What I’m Reading — Genre Variety

13 Jan

In an effort to stay away from social media, but still engage in bookish conversations, I am kicking off a What I’m Reading post that I hope will become a regular thing here at By The Book. Today I am talking genres.

I am a very eclectic reader, loving a wide variety of genres and subjects. I do seem to read a preponderance of mystery/suspense, but find myself designating other genres as my yearly favorites. (See my best of the best of 2020 HERE.) As per my reading resolutions, I want to expand my reading horizons this year, especially getting back to my TBR and checking out international and classic literature.

This week I stepped out of the box and read a YA mystery/thriller. I have been reluctant to read YA, because, well, I am a woman of a certain age and not sure I can relate. But because a FB group I am in is reading The June Boys by Courtney C. Stevens this month, I downloaded the audiobook and dove in. I’m not going to review the book here — you’ll have to come back later for that 😉 — but I am going to say that Stevens’ opened up a new genre for me. Yes, the book has a definite YA vibe, but with a complex plot and format and thought-provoking themes, this book was a 5-star!


Do you read outside your comfort zone?

The June Boys really took me away from my regular reading. It is intense and in some places made me cringe and force myself to continue. But I appreciate the stretching this book did to my attitude and thinking. And I need stretching. I never want to quit learning about the world and myself.


As I said mystery/suspense is my regular go to, but I do enjoy historical fiction as well. I love learning how people of the past lived, especially how they lived without the conveniences a modern world offers. This week I am also reading Tidewater Bride by Laura Frantz. I discovered Frantz in 2020. The Lacemaker and An Uncommon Woman were two great books I read last year. Set in the 1630s in the Virginia colony, this novel has already given me information and insight into a world I thought I knew pretty well.

When reading historical fiction, I keep an eye out for social and cultural differences. A woman’s place is one of the things that Frantz explored. Main character, Selah, is a very independent woman, as defined by the 17th century. I think that helps the modern reader identify with her story.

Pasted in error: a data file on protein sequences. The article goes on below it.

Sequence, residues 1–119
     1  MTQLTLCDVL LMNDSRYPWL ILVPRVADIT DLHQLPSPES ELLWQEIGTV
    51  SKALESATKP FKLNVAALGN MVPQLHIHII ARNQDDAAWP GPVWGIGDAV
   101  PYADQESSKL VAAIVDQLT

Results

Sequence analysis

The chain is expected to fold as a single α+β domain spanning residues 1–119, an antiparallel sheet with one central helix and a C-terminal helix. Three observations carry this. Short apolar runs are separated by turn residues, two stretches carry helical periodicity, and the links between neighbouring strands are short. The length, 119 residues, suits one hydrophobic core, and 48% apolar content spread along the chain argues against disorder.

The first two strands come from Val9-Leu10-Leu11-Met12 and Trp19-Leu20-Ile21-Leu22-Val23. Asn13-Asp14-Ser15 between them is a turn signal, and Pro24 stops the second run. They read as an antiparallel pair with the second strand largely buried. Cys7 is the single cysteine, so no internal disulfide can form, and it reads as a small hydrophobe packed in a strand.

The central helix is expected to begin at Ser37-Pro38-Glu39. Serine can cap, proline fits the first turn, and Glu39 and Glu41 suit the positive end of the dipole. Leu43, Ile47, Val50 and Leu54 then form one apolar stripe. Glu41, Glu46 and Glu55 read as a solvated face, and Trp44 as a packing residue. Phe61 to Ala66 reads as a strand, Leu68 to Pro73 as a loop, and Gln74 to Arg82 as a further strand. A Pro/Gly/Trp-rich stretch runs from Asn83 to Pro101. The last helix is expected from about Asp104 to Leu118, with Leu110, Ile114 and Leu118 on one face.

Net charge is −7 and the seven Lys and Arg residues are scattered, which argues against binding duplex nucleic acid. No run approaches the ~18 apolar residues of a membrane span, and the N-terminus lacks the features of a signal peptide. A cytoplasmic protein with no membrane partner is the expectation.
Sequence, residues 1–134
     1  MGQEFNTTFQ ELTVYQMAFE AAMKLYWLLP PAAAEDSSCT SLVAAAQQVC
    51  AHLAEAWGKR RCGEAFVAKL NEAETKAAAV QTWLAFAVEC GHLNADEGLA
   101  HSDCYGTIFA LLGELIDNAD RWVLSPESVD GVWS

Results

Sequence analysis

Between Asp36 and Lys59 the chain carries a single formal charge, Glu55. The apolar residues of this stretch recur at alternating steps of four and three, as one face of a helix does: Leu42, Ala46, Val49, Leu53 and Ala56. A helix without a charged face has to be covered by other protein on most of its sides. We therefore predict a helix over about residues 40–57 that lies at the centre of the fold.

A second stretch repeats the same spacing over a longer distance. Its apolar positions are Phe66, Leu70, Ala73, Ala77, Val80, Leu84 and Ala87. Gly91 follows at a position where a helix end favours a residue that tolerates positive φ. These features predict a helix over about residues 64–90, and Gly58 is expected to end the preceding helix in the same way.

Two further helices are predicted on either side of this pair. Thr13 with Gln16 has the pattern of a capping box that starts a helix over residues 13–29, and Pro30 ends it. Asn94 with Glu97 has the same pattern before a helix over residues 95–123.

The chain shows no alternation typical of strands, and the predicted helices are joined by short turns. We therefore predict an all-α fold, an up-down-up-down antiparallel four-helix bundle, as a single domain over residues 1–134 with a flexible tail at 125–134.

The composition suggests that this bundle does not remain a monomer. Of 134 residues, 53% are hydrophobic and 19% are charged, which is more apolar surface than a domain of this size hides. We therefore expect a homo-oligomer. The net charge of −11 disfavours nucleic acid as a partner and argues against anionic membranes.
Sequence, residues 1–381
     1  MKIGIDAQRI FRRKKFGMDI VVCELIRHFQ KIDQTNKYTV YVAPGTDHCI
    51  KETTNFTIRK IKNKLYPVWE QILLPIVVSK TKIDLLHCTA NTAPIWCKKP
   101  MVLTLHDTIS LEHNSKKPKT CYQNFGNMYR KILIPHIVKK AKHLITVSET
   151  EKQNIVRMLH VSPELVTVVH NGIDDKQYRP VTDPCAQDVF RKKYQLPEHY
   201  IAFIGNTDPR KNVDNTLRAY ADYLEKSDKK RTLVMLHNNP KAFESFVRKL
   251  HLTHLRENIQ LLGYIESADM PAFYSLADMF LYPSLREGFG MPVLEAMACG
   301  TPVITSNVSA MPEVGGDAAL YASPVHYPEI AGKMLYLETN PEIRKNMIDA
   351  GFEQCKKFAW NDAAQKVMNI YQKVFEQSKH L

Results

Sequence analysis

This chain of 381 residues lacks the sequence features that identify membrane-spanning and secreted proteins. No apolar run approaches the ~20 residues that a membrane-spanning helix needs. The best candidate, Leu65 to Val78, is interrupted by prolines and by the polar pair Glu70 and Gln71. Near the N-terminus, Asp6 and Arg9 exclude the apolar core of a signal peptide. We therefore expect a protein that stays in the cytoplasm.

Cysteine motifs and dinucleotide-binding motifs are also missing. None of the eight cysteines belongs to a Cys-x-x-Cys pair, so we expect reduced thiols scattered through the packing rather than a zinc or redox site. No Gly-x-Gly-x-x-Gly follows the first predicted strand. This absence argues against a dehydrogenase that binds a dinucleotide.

Do you find new things to love in your favorite genres?





Now it’s your turn.

What are you reading?

What’s your go-to genre?

And do you have any plans to stretch your bookish horizons?

Let’s talk!

12 Responses to “What I’m Reading — Genre Variety”

  1. Paula Shreckhise January 13, 2021 at 8:29 am #

    I’m reading The Lady in Residence by Allison Pittman a new series from Barbour DOORS TO THE PAST.
    My favorite genre is historical Christian Fiction with a close second being Suspense/mystery.
    I have no plans to go outside my favorites. I occasionally read women’s fiction such as Nicole Deese and Contemporary like Bethany Turner. I am tired of Amish and speculative and fantasy hold no interest right now. Although I might do sci fi if it’s like time travel. I do enjoy dual time.

    • rbclibrary January 13, 2021 at 8:42 am #

      I’m a big proponent of find what you like and read it! My daughter was a reluctant reader in school. She could not connect with fiction I suggested or school required. As an adult, she is an active reader, but she chooses memoir/biography. She wants to read about real events and people.

      What do you like about historical fiction? Btw, I have Pittman’s novel on my TBR list.

      • Paula Shreckhise January 13, 2021 at 10:17 am #

        I like the settings and I grew up in a house built in 1836. My mother was an Antique Dealer and collector. When we went to visit my father’s family near Gettysburg, my mother would plan trips to Historical sites.